Church Conversion Sparks Tensions in Sandy Hill

posted in: ASH in the News
[06-March-2013] Click here to view original article. – A heritage-sensitive redevelopment of a former church might be considered a great proposal in another location or at a different time, but the conversion is becoming a “flashpoint” for conflict in Sandy Hill, says its community association president.

No applications have been filed with the city, but representatives of the developer held a preliminary meeting on Feb. 28 to present the idea to approximately 75 community members.

Architect Robert Martin, who specializes in adaptive re-use of heritage buildings, said the proposal would preserve the mid-century modern church on Mann Avenue at Russell Street and convert it into approximately 62 small one-bedroom and bachelor apartments ranging from around 19 square metres to 34 square metres. The plan would also involve demolishing the church manse and building an extension mimicking the style of the church.

The top concern for residents at the meeting was parking. The site is within 600 metres of a rapid transit station and it’s a convenient downtown location travel by walking or cycling, said Katherine Grachuta of FoTenn, a consulting firm hired by the developer, Black Iris Developments.

For those reasons Black Iris hopes to include only seven parking spaces, including one dedicated as a spot for a Virtucar (a vehicle-sharing program) instead of the required minimum of 32 parking spaces.

Residents at the meeting said there is no question that will force more cars to park on already-crowded streets, but Grachuta said the idea is to attract tenants who don’t have vehicles.

Providing parking is a double-edged sword, she said. Offering parking will guarantee that new residents contribute to the traffic and parking congestion in the area. Making a building that is obviously not suited for tenants with cars will discourage drivers from wanting to live there, Grachuta said.

The architect, Martin, even suggested that tenants would be required to sign a lease stating they won’t have a vehicle. That lease is a document the city requires in order to approve an on-street parking permit, so it would be up to the city to decide if it would still issue a permit.

A small amount of parking would be a benefit for customers of proposed businesses that could set up shop in the basement. The developer is proposing some space for businesses such as a yoga studio or sports therapist, as well as rentable meeting space for the community.


The format of the building – rental units – also caused an outcry at the meeting. In a neighbourhood that has struggled with the clash of students living among families, the prospect of attracting more students to live in Sandy Hill was met with outrage.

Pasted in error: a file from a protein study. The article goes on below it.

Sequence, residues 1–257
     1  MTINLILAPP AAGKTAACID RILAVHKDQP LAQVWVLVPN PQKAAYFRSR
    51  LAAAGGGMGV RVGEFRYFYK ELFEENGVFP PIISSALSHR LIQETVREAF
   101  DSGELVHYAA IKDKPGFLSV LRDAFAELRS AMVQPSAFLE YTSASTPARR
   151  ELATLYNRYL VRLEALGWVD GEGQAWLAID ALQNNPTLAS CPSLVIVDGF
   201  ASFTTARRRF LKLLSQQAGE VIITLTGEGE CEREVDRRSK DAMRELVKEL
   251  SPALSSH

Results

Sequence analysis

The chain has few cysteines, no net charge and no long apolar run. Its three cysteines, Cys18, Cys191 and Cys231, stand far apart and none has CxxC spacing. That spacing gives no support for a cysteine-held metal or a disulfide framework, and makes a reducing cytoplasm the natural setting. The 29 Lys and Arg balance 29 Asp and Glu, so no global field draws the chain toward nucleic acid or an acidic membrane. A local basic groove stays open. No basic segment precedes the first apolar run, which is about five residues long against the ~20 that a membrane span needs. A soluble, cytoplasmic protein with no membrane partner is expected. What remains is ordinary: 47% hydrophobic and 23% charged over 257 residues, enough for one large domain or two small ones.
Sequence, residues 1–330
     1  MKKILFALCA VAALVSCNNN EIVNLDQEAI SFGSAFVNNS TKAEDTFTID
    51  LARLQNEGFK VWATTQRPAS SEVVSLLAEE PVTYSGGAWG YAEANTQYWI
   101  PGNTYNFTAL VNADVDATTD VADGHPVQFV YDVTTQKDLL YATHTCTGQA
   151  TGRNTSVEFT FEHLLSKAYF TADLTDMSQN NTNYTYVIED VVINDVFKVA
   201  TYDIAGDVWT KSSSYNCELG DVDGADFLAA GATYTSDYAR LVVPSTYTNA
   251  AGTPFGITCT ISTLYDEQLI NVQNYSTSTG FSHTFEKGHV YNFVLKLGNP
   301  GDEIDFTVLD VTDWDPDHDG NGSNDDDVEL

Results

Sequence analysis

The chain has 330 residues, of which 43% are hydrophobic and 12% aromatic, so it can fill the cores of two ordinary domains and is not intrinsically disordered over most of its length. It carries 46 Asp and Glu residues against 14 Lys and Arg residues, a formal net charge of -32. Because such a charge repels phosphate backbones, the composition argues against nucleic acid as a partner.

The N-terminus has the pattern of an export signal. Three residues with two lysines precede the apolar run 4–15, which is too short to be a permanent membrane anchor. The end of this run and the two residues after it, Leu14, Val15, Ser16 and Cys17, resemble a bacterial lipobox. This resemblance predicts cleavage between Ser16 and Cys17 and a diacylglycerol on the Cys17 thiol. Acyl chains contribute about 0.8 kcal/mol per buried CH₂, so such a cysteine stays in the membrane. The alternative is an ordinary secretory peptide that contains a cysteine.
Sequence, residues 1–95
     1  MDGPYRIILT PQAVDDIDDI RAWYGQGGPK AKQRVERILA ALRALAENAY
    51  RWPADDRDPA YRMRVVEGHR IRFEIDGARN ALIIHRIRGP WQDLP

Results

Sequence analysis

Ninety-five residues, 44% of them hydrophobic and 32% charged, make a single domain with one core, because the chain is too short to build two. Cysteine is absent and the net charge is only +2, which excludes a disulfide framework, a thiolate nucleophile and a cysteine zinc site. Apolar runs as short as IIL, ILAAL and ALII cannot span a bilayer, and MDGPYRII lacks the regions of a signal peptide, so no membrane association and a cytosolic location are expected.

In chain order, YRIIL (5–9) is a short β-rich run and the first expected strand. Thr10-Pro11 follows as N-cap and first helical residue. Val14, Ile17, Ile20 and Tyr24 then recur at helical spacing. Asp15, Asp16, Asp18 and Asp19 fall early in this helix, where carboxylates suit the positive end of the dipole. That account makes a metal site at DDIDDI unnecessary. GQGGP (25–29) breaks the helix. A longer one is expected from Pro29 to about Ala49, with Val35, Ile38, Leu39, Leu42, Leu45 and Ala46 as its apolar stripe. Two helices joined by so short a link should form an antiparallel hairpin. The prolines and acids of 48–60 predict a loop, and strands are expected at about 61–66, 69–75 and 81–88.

“Sandy Hill is not just a bedroom community for the university,” said resident Leanne Moussa.

The influx of students seeking housing in the neighbourhood has led to issues with noise, partying and garbage, residents said.

Alex MacDonald, a student at Dalhousie University in Halifax who was home visiting his family in Sandy Hill, said the proposed apartment building “will become a party central, for sure.”

Martin said the high-end quality of the apartments is intended to appeal to graduate students or young professionals. He couldn’t say what the rents might be.

Opening the discussion about this latest proposal early, before Black Iris Developments even approaches the city, will help the community work through these issues, Collmorgan said.

“It’s a reasonable proposal, but at this time, it is unacceptable to the community,” he said.

Action Sandy Hill originally indicated its support to the developer, but Collmorgan said the negative response from residents has left the group in an awkward position of whether to support the development because it represents good planning and the retention of a neighbourhood landmark, or to side with residents in opposing the development.

Rideau-Vanier Coun. Mathieu Fleury said it was too early for him to take a position on whether he’d support the church conversion.

But when it comes to the frustrations expressed by residents, Fleury said it’s time for the University of Ottawa to address housing needs for its students and look at constructing new residence buildings, perhaps in partnership with private developers to make it cost-effective.

“It’s not to say students aren’t welcome … it’s the negative impact of a concentration of students on an established neighbourhood,” Fleury said.

But Fleury admitted the residents’ “expression of frustration” wouldn’t be appropriate if they were discussing any other minority group.

“We can’t discriminate,” about who lives in Sandy Hill, Fleury said.


Adding to the complexity of the issue is an alternate proposal to relocate a local Islamic group to the St. Clements site. The Islamic Society of Sandy Hill, which is currently located on Mann Avenue, put in a bid to buy the St. Clements site. Although that bid was rejected in favour of Black Iris, many residents at the meeting indicated they would prefer to see the Islamic group take over the former church.

“It’s a growing religious community,” said resident Jeffery Marder. “There may be a better alternative there.”

Martin, the architect, said communities surrounding previous mosques he has worked on felt the strain of an influx of worshippers arriving for prayers five times each day, but Mustazibur Rahman of the Islamic Society of Sandy Hill said the 10 to 50 worshippers who pray at the centre daily arrive by foot.

Friday weekly prayers tend to attract a congregation of up to 100 people, he said.

Rahman said the Islamic society was heartened by the community’s support for its proposal during the meeting.

“There is an emotional impact on the society for the loss of this as a place of worship,” he said. “It would be used for its original purpose … We are still very hopeful.”